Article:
Under the dramatic headline The battle for the smart-phone’s soul, the Economist describes the “fierce battle” between mobile operating systems, with new software removing “the main impediment to the take-off of the mobile internet.” The Apple iPhone and Google Android are described as the disruptive outsiders, opening up new opportunities in software, services and content.But a somewhat darker view emerges in The End of the Generative Internet, by Jonathan Zittrain of Harvard Law School. By “generative” he means technologies like the PC and the Internet, which can be reprogrammed and repurposed by anyone, without central control. Much exciting creativity and value has flowed from this enviroment, but so have viruses and spam. To avoid such negatives, the Apple iPhone has a much more controlled environment: “Apple can change its mind at any time about a particular piece of software’s inclusion in its store. And even software already obtained from the iPhone App Store can be recalled-that’s just a subset of Apple’s ability to remotely reprogram any aspect of the phone at any time.” Read More »
As of late, much attention in the industry has been paid to Data Centers and for good reason -- it’s a fundamental part of the network that is powering the Connected Life experience for us all, and like Enterprises, it will be a critical part of the Service Provider architecture. On the Data Center blog this week, Omar posted an interesting video on StataScale that is a worthwhile watch. In SP land, we speak about keeping high availability and five 9′s -- in this case, though, StrataScale is able to go even further by offering perfection -- a 100% uptime Service Level Agreement.It’s a testament not just to their operational efficiency but also to the ever increasing expectations of network users that is creating the need for such an SLA. People continually want better and better experiences, and ground-breaking providers, like StrataScale, are going to be able to be at the forefront to capture the opportunity that such demand brings.
Sure there is invariably going to be the requisite smack talking around this topic -- John Earnhardt claims that he was twittering when”it was spelled with only ‘t’” and Mike Kisch counters that he has adopted a”100% visual lifestyle” also known as”videotarian” (ok, not really, but go with me on this one…).To help settle things once and for all, Cisco recently announced the Cisco VNI Pulse PC Application -- it’s a free application to show users how much network bandwidth they consume and the types of applications they use. This application shows users the amount and types of traffic that flow to and from their computer and provides aggregated network usage proof points of all global users of this application for comparison purposes. Read More »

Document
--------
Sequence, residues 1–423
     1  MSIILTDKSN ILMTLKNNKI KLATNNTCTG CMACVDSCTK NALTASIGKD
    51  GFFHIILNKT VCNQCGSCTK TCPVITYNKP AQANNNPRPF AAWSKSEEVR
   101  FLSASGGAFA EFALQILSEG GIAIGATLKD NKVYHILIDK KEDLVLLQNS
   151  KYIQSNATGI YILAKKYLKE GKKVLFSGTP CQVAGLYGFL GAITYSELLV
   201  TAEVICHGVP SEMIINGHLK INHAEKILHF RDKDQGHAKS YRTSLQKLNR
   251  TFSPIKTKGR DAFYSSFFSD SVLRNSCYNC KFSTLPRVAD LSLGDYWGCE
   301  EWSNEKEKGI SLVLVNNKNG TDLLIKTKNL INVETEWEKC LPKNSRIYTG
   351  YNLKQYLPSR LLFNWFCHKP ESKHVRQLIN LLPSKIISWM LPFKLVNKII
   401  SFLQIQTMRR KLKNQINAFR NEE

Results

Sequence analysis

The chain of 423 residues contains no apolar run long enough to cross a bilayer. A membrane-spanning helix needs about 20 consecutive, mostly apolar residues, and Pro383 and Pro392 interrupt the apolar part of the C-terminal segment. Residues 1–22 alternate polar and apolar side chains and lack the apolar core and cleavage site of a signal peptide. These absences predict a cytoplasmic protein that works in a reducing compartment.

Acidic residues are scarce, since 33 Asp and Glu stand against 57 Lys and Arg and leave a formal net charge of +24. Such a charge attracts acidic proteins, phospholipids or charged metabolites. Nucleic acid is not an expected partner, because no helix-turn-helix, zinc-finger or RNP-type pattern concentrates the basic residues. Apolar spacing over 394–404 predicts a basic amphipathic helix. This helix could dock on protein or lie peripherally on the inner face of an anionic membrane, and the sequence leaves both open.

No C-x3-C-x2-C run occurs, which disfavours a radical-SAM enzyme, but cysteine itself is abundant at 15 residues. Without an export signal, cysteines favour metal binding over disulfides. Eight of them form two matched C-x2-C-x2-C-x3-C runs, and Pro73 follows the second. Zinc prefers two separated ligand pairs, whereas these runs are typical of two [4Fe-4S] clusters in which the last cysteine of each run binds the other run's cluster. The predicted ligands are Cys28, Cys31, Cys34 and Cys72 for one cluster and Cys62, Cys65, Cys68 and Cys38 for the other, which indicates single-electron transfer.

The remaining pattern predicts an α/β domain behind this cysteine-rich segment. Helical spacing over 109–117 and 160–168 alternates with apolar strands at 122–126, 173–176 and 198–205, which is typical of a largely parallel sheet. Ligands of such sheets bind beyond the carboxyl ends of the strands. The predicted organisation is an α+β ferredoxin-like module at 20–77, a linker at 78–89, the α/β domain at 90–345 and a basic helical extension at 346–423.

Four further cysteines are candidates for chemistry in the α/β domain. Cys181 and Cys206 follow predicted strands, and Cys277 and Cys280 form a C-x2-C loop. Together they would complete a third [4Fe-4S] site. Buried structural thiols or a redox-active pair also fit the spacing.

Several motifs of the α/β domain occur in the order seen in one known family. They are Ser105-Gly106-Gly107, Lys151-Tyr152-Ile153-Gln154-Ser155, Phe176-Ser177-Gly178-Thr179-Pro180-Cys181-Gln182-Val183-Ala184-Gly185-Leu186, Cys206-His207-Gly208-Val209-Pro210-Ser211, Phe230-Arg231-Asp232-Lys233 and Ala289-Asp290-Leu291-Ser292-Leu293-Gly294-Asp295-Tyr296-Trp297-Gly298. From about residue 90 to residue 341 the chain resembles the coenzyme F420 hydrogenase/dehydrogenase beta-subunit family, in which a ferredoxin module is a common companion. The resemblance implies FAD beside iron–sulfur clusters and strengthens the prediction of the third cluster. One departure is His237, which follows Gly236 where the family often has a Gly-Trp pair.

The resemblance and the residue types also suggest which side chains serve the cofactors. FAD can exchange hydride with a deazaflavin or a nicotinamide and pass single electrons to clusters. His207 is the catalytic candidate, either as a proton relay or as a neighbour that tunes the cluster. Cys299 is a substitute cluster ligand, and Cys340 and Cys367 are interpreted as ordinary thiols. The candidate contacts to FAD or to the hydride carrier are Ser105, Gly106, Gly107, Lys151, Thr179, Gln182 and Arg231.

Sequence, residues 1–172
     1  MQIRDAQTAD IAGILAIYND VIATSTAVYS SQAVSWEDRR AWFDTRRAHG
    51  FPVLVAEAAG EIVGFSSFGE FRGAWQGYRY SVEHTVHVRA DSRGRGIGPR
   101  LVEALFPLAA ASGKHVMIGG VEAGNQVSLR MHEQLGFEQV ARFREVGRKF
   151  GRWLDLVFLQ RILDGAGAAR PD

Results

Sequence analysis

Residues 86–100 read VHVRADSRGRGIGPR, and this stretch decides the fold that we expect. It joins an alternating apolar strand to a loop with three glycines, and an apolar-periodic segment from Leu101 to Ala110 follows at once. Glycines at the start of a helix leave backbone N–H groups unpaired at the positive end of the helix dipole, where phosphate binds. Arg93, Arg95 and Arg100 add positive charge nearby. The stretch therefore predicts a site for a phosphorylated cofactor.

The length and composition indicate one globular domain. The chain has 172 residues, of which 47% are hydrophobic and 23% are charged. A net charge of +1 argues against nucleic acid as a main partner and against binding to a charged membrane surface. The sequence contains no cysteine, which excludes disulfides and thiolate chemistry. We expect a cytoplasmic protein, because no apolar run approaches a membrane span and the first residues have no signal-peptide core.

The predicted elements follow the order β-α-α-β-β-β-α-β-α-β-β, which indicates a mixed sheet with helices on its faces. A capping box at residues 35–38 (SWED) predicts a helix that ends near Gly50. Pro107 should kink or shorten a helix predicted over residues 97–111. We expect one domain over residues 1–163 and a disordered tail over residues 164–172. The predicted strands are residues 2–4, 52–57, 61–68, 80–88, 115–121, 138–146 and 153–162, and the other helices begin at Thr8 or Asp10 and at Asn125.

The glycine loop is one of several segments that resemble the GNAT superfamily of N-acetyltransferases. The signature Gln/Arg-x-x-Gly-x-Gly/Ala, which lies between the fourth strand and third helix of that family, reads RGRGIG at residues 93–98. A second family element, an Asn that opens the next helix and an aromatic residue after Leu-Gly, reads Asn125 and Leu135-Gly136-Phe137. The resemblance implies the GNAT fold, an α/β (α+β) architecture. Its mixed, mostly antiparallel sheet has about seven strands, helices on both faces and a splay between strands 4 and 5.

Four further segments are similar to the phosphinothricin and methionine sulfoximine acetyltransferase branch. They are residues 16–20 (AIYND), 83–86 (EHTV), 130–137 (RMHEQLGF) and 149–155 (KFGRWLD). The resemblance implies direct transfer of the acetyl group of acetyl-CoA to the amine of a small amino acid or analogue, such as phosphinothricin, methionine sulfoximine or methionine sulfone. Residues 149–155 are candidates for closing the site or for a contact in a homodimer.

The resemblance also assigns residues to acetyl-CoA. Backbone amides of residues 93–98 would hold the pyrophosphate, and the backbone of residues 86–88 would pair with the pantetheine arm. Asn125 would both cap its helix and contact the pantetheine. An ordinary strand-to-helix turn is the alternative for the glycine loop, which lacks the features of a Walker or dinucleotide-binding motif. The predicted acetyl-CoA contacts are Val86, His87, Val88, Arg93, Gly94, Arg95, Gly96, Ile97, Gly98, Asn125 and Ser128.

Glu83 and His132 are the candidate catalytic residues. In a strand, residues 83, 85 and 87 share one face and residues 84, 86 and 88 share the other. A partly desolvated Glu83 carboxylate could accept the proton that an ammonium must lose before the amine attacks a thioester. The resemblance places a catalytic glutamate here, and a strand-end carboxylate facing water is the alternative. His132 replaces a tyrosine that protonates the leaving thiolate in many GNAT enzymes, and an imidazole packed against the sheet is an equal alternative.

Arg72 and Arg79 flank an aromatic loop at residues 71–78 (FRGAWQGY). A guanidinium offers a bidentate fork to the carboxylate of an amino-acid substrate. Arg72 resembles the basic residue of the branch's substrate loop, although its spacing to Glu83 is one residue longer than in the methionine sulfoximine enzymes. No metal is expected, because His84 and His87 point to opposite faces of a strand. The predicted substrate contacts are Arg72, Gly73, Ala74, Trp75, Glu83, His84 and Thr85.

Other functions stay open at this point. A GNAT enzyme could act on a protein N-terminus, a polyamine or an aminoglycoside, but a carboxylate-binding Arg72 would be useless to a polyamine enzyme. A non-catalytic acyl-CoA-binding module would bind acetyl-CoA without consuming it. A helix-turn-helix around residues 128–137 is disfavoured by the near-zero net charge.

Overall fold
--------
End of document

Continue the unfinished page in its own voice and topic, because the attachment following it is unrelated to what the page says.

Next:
We’ve all spent countless hours scanning every inch of every page of “Where’s Waldo” and “Cars and Trucks and Things That Go” trying to find that iconic striped shirt and smiling goldbug all the while learning about different people, places, and things. Read More »
Over the last year, we have continued to see mass adoption of video in every aspect of our lives and it is changing the way we live, work play and learn. Just this weekend, I was with a friend showing off his new ‘toy’ a SlingCatcher, watching videos coming into his laptop on his TV screen. As if this was not enough, he also had his DVR accessible from his new Blackberry Storm watching the sports highlights. Just look anywhere online or offline, at work or at home, video is become pervasive across multiple screens and across multiple access technologies for not just entertainment but also for communications. Clearly this will validate the growth in traffic in IP networks and impact networks worldwide. Most Service Providers have been anticipating this growth and considering all types of options to prepare themselves to stay ahead of the traffic growth curve cost effectively. But what we need to ask is -- will we ever get ahead of the curve? If we take the analogy of roads and traffic, given enough time, every highway/freeway/road is challenged with the volume of traffic requiring continual expansion. So, whether it’s your favorite access technology (3G, 4G, FTTX, xDSL, etc.) or the most exotic technology in the transmission network, just remember….the only constant is ‘change’. We will continue to see new ways of filling up the pipes…and for someone that builds routers, that’s music to my ears.